Four years ago, Missouri senior Carly Kan wasn’t entirely certain where the state was located.
As Kan, a talented outside hitter at Punahou High in Honolulu, embarked on a mainland recruiting trip, the Tigers were eager to set up a visit.
“I remember that I was like, ‘Missouri, where is that?’ ” Kan said with a laugh. “But I decided to visit and it turned out to be one of my favorite places.”
Asked if he can put Kan’s career into words now that any match could be her last, Tigers coach Wayne Kreklow paused: “I wouldn’t even know where to begin,” he said.
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Let’s start here: Kan ranks third on Mizzou’s all-time list with 1,638 kills, behind only Lisa Henning (1,794) and Shen Danru (1,658), and fourth with 1,408 digs.
Kan, a dynamo at only 5-feet-9, is one of four Tigers to rank in the top 10 in both categories and owns the most combined kills and digs in program history.
She also ranks in the top 10 in points, attacks, points per set and digs per set, helping lead the Tigers to three NCAA Tournament appearances and the only two SEC team titles in Mizzou history for any sport.
“It’s just amazing all that she’s been able to accomplish,” Kreklow said. “If there was ever an example of the concept of ‘The Little Engine That Could,’ it’s Carly Kan.”
Missouri, 25-5, shared the SEC title this season with Florida, earning the conference’s automatic NCAA berth and a No. 15 national seed.
The Tigers play host to Northern Illinois, 25-5, at 6:30 p.m. Thursday at the Hearnes Center. The winner plays the winner between Purdue, 18-13, and Iowa State, 18-10, at 6:30 p.m. Friday in Columbia.
Kreklow said upset-minded Northern Illinois — which leads the all-time series 3-0, though the teams haven’t played since 1988 and have never met in Columbia — makes him nervous.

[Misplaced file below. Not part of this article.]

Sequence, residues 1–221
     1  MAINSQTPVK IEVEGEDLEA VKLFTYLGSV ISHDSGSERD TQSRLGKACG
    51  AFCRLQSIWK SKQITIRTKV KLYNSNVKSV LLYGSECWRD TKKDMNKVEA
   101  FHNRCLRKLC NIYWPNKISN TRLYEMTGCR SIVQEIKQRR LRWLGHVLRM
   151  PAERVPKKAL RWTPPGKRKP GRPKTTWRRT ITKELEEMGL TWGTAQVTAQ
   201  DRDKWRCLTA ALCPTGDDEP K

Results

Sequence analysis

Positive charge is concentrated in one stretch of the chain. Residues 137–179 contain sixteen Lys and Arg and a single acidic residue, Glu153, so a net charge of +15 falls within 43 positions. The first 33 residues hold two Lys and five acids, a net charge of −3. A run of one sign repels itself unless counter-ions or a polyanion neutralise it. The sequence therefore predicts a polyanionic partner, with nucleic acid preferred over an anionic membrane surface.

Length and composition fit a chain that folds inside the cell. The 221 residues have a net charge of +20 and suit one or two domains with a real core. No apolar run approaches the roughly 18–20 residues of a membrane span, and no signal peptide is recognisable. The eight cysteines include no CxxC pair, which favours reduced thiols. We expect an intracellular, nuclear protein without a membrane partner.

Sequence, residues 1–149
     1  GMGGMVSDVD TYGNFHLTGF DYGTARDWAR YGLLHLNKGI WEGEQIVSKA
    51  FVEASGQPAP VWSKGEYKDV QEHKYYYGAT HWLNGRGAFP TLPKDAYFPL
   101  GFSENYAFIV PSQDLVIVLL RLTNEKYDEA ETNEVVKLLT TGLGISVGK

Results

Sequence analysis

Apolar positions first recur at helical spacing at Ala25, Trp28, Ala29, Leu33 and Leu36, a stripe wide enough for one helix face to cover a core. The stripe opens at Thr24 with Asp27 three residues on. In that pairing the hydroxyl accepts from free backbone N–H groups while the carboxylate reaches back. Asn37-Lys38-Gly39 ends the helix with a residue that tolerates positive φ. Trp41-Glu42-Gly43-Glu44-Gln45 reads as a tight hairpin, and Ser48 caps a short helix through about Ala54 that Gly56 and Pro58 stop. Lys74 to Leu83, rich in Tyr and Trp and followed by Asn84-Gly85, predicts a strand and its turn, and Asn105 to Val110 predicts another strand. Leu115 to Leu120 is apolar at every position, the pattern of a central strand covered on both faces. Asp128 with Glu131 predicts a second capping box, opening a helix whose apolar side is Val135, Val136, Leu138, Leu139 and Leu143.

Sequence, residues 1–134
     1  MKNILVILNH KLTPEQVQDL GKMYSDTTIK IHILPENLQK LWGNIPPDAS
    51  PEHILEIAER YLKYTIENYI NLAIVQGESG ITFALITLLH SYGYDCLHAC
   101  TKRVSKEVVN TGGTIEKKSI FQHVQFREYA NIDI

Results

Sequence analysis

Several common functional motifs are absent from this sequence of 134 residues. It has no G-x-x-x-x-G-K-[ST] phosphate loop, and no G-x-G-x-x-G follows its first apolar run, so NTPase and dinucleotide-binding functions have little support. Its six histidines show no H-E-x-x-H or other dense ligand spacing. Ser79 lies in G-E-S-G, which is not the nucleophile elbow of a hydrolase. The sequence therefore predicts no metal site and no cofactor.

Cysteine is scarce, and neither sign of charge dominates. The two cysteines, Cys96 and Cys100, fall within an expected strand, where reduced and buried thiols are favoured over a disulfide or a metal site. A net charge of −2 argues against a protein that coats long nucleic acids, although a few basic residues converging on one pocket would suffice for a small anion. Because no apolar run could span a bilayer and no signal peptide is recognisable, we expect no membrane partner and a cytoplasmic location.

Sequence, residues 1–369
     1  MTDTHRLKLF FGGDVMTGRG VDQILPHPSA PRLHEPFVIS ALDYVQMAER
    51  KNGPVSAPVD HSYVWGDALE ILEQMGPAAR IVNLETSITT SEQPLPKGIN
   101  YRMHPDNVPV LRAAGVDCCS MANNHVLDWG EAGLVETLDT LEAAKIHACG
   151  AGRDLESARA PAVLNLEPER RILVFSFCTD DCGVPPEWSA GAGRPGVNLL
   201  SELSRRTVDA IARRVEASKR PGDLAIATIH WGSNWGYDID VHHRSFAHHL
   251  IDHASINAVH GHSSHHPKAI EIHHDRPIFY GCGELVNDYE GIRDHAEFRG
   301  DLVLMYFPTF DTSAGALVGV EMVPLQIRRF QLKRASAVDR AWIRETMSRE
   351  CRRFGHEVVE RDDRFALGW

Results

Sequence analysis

“But I always am, so that’s nothing new for me,” Kreklow said.
After an undefeated regular season in 2013, Mizzou was upset by Purdue — a tantalizing potential rematch — in the second round of the national tourney.
The Tigers limped through Kan’s sophomore season, going 16-17, but authored a remarkable turnaround last season, returning to the tournament during a 27-6 campaign.
Backing it up with an even better season as she wraps up her time in black and gold has been a thrill for Kan.
“I’m proud of how my group battled back after my sophomore year, which was a low time,” Kan said. “ … We’ve pushed ourselves in practice to get back to the top. That’s something I’m most proud of.”
She also deserves some credit for willing the Tigers back to top.
“She’s grown so much as a leader,” senior and Blue Springs South graduate Julia Towler said. “Freshman year, she was obviously incredible, but she’s become so sound in her technique and as a leader. Everything she does, she wants it for the best of the team. … You never see her being lazy or walking, anything like that. She’s always giving 110 percent and really motivates us to do the same.”
Kan’s career at Mizzou will end one way or another in the coming weeks, but her impact will be felt for many years to come.
“She brings it every day, and the passion she brings to the game has just been a joy to be around,” Kreklow said. “ … You just never replace players like that. You don’t. They’re one in a million. We’re just lucky to have had her for four years.”